Why does Class B Cost More Than Class C?
In today’s article, we will explain: Why does Class B Cost More Than Class C? We will discuss the main differences between Class B and Class C RVs, and also highlight the pros and cons of both types of motorhomes.
Why does Class B cost More Than Class C?
Class B costs more than Class C because they are made differently, usually from more expensive materials, and also because there aren’t so many models on the market.
The three main reasons why Class B cost more than Class C are:
- Size and manoeuvrability: Class B motorhomes are the smallest motorhomes. While this may sound negative, it offers several unique benefits. Class B is mobile and manoeuvrable. This means that even someone who is inexperienced in driving a motorhome can get used to it even after a few miles.
- Easier to park: A smaller size also means that the B-Class can go anywhere standard vehicles can occupy and will often only occupy one parking space. If you came to your campground and remembered that you forgot the ice, it’s not a big deal as you can go back and drive to the local store.
- Better fuel consumption: Don’t get us wrong; Class B is more expensive than a standard pickup, but they are less expensive compared to other motorhome options. Class Bs are cheaper at the pump as they are lighter and can have much better fuel economy than other types of motorhomes, resulting in fewer costs for the road!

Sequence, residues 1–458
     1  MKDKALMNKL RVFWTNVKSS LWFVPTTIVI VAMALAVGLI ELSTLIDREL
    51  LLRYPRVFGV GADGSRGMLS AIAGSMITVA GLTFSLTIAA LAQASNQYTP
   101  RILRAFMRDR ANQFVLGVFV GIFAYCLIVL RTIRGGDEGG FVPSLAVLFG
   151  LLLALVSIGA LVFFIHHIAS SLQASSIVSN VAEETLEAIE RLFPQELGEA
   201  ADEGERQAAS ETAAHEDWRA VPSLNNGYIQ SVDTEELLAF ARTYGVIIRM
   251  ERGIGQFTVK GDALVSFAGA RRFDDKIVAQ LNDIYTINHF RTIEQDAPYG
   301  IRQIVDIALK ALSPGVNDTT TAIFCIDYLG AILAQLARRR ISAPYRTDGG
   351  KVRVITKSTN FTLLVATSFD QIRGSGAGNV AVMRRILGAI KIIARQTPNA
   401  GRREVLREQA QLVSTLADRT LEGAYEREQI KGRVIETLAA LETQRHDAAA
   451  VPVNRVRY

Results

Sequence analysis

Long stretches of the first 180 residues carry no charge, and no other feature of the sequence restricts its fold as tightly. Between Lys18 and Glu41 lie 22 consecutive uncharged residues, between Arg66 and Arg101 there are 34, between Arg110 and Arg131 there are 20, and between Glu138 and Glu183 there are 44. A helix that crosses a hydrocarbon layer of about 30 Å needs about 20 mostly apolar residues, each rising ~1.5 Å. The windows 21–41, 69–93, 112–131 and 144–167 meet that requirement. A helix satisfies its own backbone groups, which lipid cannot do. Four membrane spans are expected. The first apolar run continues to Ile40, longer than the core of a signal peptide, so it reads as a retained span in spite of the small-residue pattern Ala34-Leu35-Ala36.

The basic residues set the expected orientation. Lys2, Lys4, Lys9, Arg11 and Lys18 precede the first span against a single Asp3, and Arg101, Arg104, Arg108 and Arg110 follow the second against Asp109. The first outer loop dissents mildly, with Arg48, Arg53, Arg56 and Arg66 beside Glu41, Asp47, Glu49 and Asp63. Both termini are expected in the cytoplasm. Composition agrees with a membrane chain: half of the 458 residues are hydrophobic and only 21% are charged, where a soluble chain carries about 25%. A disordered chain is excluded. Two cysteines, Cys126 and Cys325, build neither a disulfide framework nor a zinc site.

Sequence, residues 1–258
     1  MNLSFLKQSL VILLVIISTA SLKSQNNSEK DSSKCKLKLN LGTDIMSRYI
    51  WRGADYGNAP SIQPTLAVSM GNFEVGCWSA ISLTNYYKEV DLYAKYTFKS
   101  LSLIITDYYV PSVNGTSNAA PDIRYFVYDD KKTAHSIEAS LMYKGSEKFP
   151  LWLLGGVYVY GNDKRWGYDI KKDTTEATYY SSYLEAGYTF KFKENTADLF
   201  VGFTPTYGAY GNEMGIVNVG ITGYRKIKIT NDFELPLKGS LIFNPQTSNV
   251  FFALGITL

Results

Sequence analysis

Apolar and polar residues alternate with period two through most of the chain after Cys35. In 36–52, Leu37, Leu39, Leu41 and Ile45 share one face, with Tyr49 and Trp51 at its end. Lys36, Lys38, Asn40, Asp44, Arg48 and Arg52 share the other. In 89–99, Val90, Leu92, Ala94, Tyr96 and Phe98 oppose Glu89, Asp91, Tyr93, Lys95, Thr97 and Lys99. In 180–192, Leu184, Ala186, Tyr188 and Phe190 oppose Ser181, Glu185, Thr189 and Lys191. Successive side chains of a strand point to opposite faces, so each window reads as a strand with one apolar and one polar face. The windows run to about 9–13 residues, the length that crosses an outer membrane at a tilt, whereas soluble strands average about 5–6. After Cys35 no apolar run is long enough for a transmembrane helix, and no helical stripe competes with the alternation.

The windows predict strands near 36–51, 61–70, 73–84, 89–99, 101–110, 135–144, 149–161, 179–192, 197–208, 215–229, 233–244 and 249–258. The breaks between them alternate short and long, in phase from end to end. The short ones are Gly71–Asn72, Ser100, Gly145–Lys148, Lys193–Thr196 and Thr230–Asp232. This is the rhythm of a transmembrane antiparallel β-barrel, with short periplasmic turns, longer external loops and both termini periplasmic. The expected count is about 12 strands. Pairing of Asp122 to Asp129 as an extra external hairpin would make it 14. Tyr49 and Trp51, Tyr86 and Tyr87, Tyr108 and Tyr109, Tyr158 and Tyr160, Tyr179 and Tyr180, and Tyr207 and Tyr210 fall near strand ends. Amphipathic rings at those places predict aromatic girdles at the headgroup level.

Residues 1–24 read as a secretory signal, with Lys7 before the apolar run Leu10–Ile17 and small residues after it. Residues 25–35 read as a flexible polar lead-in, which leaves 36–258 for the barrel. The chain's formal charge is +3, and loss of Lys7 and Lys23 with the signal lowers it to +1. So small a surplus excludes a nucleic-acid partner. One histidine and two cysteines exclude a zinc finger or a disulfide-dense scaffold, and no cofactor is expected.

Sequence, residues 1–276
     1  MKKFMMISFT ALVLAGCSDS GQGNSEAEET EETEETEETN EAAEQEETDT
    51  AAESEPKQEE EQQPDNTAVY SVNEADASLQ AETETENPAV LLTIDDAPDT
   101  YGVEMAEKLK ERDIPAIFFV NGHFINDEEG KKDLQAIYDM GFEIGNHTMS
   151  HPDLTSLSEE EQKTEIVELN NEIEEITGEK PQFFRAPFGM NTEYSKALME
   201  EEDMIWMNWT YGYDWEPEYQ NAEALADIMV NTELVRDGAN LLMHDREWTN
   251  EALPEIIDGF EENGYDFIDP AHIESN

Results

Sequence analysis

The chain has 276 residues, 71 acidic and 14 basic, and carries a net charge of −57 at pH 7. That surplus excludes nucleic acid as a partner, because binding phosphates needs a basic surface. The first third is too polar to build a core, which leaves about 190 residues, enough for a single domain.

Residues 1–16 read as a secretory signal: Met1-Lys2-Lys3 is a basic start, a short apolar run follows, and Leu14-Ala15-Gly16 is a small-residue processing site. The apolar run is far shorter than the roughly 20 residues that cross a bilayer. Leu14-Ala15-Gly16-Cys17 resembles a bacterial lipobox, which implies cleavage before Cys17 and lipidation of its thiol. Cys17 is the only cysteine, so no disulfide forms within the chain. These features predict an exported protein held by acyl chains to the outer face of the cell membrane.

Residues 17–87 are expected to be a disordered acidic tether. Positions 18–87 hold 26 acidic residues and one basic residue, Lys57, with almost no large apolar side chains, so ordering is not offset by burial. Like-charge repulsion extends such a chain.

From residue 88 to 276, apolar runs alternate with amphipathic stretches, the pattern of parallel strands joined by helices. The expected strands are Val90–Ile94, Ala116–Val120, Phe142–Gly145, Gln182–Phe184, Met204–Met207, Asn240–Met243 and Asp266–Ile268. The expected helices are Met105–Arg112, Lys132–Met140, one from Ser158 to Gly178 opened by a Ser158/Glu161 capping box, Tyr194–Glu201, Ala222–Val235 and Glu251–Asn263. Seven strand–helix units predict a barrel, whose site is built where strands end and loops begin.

Differences between class B & Class C RVs
Class B RVs look very much like a van. In fact, they are known as conversion vans or conversion motorhomes. Although they have similarities to a van these vehicles are tall enough for passengers to stand upright.
Located inside a Class B Camper you will find a kitchen, living room and bathroom. Although these services are available, they are very small. To save space, the whole bathroom is basically a shower, called a wet tub. To put it simply, it’s like having the toilet and sink inside a large shower.